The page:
Reading a post at NeuroLogica that ended up reminding me of a woo straw man. I may want to figure out a short phrase for it to give it the Doggerel treatment: A lot of woos think that we dismiss the supernatural a priori because we're naturalists, materialists, etcetera, and it's supernatural or non-material or whatever.
There are two general, very different reasons we dismiss the supernatural. The first is short and sweet: Anything that has an effect on the world is natural. By definition. That leaves the supernatural with only stuff that doesn't affect anything, which isn't much different from nothing at all.
The second is still open to debate in the way that gravity's still open to debate: It's all about the evidence, and new evidence could overturn what we know. There's no a priori dismissal there, just extraordinary demands for extraordinary claims. And the woos generally don't live up to fairly ordinary scientific demands. Alties try to say their treatments aren't subject to double-blind control studies, psychics try to say their powers become unreliable when tested, and perpetual motion advocates have convenient malfunctions when showtime comes around.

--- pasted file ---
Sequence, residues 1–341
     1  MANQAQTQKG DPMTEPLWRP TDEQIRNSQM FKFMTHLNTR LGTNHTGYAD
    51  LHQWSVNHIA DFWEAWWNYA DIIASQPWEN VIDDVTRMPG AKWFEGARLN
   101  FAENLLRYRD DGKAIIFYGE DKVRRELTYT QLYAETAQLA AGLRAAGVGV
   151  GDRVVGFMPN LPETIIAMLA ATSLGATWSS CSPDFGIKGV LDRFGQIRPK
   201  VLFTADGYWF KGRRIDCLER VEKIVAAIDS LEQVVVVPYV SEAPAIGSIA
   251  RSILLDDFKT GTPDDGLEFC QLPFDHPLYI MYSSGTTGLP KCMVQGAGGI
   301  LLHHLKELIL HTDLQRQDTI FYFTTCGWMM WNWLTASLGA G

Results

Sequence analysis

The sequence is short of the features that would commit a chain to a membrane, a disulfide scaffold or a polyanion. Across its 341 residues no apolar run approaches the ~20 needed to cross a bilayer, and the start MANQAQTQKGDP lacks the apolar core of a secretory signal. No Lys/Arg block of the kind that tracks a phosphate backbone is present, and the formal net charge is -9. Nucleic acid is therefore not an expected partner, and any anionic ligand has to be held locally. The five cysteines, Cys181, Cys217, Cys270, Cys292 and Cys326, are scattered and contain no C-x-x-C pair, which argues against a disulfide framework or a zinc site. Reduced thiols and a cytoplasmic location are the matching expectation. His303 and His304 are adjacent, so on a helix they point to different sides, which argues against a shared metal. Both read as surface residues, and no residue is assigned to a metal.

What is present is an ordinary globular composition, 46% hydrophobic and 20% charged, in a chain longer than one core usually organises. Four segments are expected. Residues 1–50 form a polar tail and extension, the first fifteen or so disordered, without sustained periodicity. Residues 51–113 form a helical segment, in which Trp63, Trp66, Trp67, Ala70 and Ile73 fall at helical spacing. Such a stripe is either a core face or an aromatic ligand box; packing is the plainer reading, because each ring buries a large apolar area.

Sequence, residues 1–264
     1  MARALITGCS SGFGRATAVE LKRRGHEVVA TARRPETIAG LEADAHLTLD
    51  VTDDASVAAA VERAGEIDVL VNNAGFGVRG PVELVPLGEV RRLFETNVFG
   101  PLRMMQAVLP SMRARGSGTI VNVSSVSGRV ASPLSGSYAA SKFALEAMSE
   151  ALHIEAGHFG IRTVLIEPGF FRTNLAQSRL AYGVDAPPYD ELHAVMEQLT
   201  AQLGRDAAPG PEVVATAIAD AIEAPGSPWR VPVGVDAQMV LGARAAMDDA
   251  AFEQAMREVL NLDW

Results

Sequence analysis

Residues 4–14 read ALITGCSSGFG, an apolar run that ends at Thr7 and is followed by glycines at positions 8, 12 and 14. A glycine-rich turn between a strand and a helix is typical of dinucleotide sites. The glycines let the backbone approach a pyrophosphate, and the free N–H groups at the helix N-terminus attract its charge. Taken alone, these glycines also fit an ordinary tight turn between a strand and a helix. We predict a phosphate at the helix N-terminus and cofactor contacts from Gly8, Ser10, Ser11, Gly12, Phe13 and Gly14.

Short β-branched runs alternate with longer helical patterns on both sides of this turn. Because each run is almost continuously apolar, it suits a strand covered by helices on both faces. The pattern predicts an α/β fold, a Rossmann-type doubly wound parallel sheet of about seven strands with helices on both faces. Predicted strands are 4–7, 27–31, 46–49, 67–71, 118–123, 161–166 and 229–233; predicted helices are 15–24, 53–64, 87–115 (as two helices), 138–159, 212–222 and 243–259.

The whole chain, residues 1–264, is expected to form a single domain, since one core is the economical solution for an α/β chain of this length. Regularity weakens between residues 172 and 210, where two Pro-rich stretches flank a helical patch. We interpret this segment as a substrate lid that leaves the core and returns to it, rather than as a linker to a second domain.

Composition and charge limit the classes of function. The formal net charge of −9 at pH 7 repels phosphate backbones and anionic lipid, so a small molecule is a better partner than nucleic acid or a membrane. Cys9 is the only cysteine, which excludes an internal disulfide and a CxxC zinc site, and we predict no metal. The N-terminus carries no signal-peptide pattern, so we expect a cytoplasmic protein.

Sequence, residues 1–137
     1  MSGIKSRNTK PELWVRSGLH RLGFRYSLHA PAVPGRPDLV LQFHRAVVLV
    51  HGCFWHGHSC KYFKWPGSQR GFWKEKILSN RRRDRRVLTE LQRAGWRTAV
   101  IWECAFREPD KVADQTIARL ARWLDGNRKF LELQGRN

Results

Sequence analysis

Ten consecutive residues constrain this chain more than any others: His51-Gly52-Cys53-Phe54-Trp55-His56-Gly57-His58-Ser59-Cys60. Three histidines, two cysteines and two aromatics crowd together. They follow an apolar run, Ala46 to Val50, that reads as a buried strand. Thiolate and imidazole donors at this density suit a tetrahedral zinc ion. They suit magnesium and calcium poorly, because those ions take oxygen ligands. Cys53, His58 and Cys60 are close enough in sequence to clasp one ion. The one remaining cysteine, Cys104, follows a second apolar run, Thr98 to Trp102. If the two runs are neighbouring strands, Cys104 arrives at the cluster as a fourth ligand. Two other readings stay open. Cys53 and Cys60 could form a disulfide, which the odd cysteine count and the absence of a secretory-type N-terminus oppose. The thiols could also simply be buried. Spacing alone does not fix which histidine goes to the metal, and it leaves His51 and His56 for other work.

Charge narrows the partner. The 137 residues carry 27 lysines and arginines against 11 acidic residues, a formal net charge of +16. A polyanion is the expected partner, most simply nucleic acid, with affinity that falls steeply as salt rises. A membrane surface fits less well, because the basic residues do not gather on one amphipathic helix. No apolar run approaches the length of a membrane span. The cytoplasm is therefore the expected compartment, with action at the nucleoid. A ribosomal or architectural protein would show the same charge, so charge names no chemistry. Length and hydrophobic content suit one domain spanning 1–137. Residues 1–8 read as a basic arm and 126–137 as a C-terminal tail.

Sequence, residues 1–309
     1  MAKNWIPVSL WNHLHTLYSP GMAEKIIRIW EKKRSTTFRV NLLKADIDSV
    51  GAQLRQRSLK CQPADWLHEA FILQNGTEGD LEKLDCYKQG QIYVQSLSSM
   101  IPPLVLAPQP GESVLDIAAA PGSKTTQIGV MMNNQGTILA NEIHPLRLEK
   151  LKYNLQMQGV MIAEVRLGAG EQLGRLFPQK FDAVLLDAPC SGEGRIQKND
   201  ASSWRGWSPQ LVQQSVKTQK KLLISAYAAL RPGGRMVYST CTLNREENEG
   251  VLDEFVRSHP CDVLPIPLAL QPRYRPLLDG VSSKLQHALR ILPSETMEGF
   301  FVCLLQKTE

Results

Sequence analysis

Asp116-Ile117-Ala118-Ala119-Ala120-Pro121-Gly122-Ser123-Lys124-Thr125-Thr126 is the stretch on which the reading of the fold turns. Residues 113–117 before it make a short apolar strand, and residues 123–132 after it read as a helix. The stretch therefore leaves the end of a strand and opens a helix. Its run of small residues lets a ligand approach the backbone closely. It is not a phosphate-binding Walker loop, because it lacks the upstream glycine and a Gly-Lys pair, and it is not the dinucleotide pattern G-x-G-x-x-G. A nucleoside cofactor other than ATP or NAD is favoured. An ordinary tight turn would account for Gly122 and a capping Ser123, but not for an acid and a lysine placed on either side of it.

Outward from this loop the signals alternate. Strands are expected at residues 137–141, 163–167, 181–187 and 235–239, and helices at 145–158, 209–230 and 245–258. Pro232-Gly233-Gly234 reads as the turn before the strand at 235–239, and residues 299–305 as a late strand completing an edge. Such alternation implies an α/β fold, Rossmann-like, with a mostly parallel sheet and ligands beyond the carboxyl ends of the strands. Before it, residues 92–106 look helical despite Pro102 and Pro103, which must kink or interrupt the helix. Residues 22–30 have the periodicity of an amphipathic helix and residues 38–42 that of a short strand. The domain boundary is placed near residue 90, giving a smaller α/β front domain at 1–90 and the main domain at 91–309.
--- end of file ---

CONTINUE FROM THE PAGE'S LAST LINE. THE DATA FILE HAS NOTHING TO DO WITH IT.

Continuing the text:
We'll believe it when we see the good evidence. As for what that'll do for our philosophy: Not much. Discovering psychic powers for will fall into the same category as the verification of dark matter... only maybe a bit cooler because a lot of us are comic book geeks and we'd like the chance to put on an outlandish costume for something other than a convention. The "supernatural" is a category that shrinks as we understand more. Naturalism expands with every new discovery because it's inherently expansive in its definition.